Monday, March 20, 2017

Tokyo Marathon 2017: Day 2 Part 1 - Things to do in Shinjuku and Odaiba

I had two primary parts of Tokyo to hit on my second day in the capital of Japan for the Tokyo Marathon: 1) Shinjuku to recce the startline and 2) Odaiba to collect my race kit and to see the Gundam statue.

While the temptation to squeeze as much as I could into sightseeing was real, experience have told me that it would be suicide for my legs (and purse) so I planned and prioritised. Luckily my first stop was the Tokyo Metropolitan Government Building in Shinjuku, an observatory tower that stood at 243 meters and was free of charge to enter.

The building had two viewing decks in the North and South Towers and can easily be accessed by the lifts near the entrance. Security was tight though with visitors having to go through a bag check for safety reasons. The lift ride to the top was fast and in no time, I was at the top of the towers looking out at Tokyo. The view was spectacular, I think I even glimpsed the silhouette of Mount Fuji in the distance.

The North Tower offered free visitor guides in various languages and having a local's knowledge on the history and significance behind each landmark in the city, added a layer of appreciation for this beautiful metropolitan.

I initially thought of visiting the katana museum that was nearer to the observation decks but after reading up some reviews and recommendations, I opted for the Samurai museum instead. Following Google maps, I weaved my way through Kabukicho's streets and eventually found my way to this hidden jem.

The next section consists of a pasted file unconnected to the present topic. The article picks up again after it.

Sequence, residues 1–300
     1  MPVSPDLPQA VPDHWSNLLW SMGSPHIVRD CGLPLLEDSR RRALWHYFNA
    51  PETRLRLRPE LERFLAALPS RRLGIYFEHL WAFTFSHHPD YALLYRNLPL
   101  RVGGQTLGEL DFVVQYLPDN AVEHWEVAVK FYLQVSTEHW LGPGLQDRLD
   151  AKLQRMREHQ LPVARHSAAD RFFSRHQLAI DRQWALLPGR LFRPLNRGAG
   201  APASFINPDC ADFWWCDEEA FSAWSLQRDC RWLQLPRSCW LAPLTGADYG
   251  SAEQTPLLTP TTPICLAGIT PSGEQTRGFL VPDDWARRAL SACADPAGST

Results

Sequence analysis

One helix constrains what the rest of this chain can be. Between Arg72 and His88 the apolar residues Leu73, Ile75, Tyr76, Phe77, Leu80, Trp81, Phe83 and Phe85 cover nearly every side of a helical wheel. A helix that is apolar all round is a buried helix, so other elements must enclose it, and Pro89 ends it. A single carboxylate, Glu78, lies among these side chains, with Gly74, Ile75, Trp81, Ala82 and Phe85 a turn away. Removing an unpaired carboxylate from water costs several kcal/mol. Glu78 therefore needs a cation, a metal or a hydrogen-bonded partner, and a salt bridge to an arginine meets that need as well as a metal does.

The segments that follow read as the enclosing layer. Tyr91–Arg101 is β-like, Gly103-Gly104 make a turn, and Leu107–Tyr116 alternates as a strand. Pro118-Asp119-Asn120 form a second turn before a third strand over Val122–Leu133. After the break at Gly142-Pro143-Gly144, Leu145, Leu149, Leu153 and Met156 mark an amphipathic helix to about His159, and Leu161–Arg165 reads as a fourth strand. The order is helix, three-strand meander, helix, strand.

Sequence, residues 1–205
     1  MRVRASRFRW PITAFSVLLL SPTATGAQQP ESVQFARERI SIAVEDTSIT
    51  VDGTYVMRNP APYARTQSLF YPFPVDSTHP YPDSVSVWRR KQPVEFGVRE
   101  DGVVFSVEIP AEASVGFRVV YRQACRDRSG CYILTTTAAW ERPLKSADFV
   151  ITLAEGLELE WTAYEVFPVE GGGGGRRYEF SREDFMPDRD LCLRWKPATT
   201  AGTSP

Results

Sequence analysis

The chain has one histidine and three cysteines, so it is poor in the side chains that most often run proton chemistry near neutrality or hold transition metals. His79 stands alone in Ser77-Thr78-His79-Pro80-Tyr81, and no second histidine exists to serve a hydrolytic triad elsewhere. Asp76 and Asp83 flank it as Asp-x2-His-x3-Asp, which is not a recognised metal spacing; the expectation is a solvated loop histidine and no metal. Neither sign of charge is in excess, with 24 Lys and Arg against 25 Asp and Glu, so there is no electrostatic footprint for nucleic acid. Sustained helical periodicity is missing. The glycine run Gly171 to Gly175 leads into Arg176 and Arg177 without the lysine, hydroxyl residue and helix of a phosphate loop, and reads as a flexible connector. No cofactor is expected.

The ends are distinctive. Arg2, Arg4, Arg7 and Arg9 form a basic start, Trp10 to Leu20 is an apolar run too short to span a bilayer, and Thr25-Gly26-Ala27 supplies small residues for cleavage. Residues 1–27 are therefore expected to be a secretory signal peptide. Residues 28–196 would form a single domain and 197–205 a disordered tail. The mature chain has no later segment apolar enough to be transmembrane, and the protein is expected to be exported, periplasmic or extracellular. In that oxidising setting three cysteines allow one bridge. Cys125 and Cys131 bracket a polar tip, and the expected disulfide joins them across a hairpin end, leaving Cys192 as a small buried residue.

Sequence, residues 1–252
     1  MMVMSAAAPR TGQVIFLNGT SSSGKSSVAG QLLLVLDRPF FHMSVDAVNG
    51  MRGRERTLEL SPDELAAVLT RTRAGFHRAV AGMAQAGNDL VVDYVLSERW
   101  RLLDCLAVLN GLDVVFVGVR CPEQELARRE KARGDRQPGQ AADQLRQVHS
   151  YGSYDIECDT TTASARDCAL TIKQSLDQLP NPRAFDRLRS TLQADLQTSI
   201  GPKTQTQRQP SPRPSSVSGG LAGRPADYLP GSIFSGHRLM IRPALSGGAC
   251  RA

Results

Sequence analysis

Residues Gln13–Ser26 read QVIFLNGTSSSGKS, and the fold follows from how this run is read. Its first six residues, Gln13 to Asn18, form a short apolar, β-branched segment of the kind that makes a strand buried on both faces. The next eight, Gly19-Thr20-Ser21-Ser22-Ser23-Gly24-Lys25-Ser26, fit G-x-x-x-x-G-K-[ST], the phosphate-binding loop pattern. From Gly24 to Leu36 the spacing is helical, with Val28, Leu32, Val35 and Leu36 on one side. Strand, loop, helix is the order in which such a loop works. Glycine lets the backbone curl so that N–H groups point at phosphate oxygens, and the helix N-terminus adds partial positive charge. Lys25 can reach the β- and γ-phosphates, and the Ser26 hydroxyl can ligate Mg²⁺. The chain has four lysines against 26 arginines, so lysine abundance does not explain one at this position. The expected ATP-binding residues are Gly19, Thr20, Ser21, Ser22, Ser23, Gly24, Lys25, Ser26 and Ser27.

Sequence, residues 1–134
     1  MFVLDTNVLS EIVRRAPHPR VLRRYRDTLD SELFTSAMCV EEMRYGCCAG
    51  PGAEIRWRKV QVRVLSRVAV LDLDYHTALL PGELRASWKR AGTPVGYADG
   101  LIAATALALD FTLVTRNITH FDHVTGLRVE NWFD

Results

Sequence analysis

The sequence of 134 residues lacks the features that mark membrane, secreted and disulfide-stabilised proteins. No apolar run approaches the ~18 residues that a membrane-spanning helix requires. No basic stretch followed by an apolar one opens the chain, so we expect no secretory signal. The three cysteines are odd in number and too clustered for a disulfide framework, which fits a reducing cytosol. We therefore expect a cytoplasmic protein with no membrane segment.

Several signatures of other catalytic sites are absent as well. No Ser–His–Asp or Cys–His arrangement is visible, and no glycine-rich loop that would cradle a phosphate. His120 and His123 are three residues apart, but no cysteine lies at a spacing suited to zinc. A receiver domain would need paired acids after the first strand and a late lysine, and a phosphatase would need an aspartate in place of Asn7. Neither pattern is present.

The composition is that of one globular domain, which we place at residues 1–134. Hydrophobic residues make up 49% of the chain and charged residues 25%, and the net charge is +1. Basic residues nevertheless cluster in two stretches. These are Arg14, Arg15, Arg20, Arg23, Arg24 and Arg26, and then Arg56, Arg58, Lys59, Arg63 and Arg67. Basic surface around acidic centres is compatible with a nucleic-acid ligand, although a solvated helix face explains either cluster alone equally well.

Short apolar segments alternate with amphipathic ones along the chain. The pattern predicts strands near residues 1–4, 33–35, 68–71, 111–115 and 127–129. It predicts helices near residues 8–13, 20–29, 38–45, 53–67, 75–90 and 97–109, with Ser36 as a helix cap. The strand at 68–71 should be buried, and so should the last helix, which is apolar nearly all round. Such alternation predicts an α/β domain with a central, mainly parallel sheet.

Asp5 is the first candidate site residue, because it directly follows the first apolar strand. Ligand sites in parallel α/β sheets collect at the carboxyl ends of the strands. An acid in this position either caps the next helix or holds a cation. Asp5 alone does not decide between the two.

I was in time in fact as an English tour was just about starting and I joined in despite my initial plan to explore the museum myself. What a good decision it was as the guide was very informative, knowledgeable and most importantly, funny.

"If harakiri fails, samurais have a friend who would finish the job by slicing off his head. What a good friend." That elected a few laughter from us.

He showed us through the two-storey museum, turned from a private home to a public place to educate visitors much like the samurai collection owned by the museum owner. The tour went from the oldest armoury to the helmet, to the sword to the armour to the guns used by samurais back then.

At 2pm, 3pm, 4pm and 5pm, there were even sword battling shows. For those with early entry can come back later to watch these shows as long as they had the ticket to show. Tickets were Y1,800 per adult.

However as I was on a time crunch to go to Odaiba, I headed off  for lunch and by luck came across the famous Godzilla head peeking out from behind Toho Cinemas.

Lunch was at a random vending machine restaurant, Katsuya that had tonkatsu, donburi and a lot of other dishes to try. There were only two rows of seats and being alone, finding a seat was painless and easy for me. Making sure I ordered the right thing from the machine was trickier but when my order came, I dug into my tonkatsu meal with gusto. At only 730yen, I got a satisfying tonkatsu meal with pork miso soup and refillable drink.

After lunch, I sped off to Odaiba via the Yamanote JR line which merged with the Saikyo JR line. Giving myself much needed leg rest, I found a seat in the train and relaxed for the whole 40 minutes ride. It felt shorter though because in no time, we were at the Big Sight Exhibition Center for the race pack collection for the Tokyo Marathon.